In between getting loads of runs from tiny eels, and catching a few of them, I've been trying to catch bream. Quite how big they might grow remains to be seen. Initial results are suggesting that is not as big as I have been lead to believe. It's given me a chance to play around with rigs and think about swimfeeders.
The approach has been pretty simple. Get some feed out and fish simple helicopter rigs over the top of it. The rig is a quick change swivel between two small beads trapped by a Fox briad stop either side. Another quick change swivel is tied to the end of the line to take the feeder and the hooklink attached to the upper swivel by its loop, a tapered sleeve preventing accidental loss.
Picking up where I left off with my breaming the only suitably sized feeders I had were 60g medium Korum cage feeders. These had been used with 2.5lb rods in the past, but as I sold those a while ago, and the range to be cast not great, I was using my trusty 1lb 12oz Interceptors. The loaded feeders could be lob cast on the Interceptors but seemed OTT for the job. I know someone who would have put off fishing until he had the right weight feeders to do the job. Not me though. Needs must and all that stuff. I managed.
The feed was a mix of explosive feeder, hemp and hali crush, mixed pellets and sweetcorn. Hookbaits were the bream's favourite plastic corn, popped up half an inch or so, on one rod and an 8mm crab flavour pellet on the other rod. I started in early afternoon on a broiling hot day by removing the hooklinks and casting one feeder after another in rotation for almost half an hour. I was knackered!
It didn't take long for fish to move in to the swim and I was soon getting liners. Then a positive take to the corn. A bream less than half the weight I would have liked. But a start.
I spent the afternoon and evening watching the dragonflies buzzing over the water and occasionally landing on my rods. It was a quintessentially late summer afternoon in England. The sort we imagine they were always like in the good old days. Blue skies, white fluffy clouds, little wind and the faintest Vaughan William 'hum' in the atmosphere. I heard no larks ascending, only the faintest rattling buzz of dragonfly wings.
Even as the sun lowered below the horizon it remained warm. The bream refused to roll at dusk, although I did land another to go with the first of the day and another slightly larger one. Knowing my approach had something going for it I was keen to get back for another try before the weather finally breaks.
I was determined to get some more suitably weighted feeders for my second session. A trip to my regular tackle shop gave me only one option. Korum's Combi-Feeders (the only feeders you'll ever need). As a groundbait feeder they're identical in size (medium) to the cage feeders I had. At 45g they balanced nicely on the rods once loaded.
The ingenious thing with these feeders is the end caps are both removable, being linked together with powergum to hold them in place when fitted to convert the feeder to a blockend. It's a nice concept, being able to carry one feeder to do two jobs. If it works.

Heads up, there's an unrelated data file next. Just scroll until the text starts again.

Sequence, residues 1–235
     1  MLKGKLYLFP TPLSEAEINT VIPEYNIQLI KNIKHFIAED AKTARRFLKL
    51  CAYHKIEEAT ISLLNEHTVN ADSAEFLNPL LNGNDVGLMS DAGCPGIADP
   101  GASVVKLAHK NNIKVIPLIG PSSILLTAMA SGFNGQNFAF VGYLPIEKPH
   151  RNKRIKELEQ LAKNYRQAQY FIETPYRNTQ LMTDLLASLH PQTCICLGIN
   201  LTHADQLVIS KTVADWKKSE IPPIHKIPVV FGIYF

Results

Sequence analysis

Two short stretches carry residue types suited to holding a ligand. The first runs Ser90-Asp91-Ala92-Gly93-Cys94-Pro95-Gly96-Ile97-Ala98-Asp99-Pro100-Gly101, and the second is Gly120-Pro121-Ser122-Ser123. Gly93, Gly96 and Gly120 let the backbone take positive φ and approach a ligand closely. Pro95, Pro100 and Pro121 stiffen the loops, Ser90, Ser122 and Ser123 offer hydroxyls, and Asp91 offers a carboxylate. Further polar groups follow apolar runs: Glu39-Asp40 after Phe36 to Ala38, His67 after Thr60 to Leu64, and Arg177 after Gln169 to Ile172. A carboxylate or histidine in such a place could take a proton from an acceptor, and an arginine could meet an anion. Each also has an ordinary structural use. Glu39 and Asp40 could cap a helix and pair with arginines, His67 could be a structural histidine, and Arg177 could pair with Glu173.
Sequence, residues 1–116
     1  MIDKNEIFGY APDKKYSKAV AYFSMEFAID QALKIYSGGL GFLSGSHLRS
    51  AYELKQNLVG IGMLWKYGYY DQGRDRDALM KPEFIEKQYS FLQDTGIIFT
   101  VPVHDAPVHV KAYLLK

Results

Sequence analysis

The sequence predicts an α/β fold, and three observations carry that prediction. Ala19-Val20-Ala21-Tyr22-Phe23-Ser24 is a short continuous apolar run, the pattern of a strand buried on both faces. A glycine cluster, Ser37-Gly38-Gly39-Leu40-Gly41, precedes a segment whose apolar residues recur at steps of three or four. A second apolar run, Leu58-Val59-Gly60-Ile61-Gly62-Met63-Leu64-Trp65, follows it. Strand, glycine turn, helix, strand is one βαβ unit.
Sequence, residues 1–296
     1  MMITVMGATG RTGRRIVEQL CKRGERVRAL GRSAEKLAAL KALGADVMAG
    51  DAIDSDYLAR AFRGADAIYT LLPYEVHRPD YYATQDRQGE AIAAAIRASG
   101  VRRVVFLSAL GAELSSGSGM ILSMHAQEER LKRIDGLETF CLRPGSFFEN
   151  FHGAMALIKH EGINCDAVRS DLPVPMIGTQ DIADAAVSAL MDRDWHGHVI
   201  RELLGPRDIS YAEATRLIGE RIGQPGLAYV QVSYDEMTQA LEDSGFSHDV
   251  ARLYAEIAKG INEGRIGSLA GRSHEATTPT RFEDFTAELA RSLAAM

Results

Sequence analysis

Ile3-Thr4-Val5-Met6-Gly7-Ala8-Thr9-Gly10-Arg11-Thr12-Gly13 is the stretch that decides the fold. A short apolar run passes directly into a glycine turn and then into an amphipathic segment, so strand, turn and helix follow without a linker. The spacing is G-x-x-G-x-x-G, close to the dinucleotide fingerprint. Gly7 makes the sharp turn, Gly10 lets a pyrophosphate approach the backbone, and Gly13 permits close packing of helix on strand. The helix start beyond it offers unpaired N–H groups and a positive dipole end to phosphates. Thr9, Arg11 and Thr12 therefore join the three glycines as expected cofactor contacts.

Rigged up with the new feeders I adopted the same approach as before on my next session, making a dawn start for a change. This time I spent rather longer baiting up as I reckoned the more bait I put out the better my chances of holding bream in the swim. Again it didn't take long for the bream to appear. One rolled over the rigs in short order. Liners started, but nothing positive happened.
After a while I thought I'd try one of the feeders in block-end format. It was sort of okay. As a feeder it did the job. Filling the feeder was not quite as simply done as with a dedicated maggot feeder. The caps aren't easily flicked off with the thumb of the hand holding the feeder. You also have to be careful the cap isn't pulled inside the feeder by the powergum. There might well be a knack that can be developed to make filling the feeder a smoother operation given time. My initial impression is that these are good open ended feeders which can be pressed into service as blockends at a pinch. They can't be too bad. I bought a third one today as a spare.
I've never found helicopter rigs to actually helicopter. Braided hooklinks seem to be able to tangle quiet easily, while stiffer mono links are less prone to fouling. This was frustrating me until I remembered the trick of squeezing a dampened PVA foam nugget around the mainline to nick the hook point into.
At least one bream found my baits. The corn was picked up early on.
Shortly before I packed up the pellet was picked up. I'm pretty sure it
was the same small bream which picked up both baits. If not there are
two with identical splits in their anal fins in the water!
When mixing groundbait it's easy to add too much water by dunking the bowl in the lake. Some while back I started using a groundbait flavour bottle with a nozzle to add water gradually to the mix. Recently I have been using a Heinz tomato ketchup bottle. It works a treat.
Next time I have the time for a longer session after the bream I'll adopt a different strategy. A stiffer bait mix will be used, more of it, balled up for faster baiting with a catapult, and used on method feeder rigs.
These feeders aren't the only gear I've been buying of late. More of which later.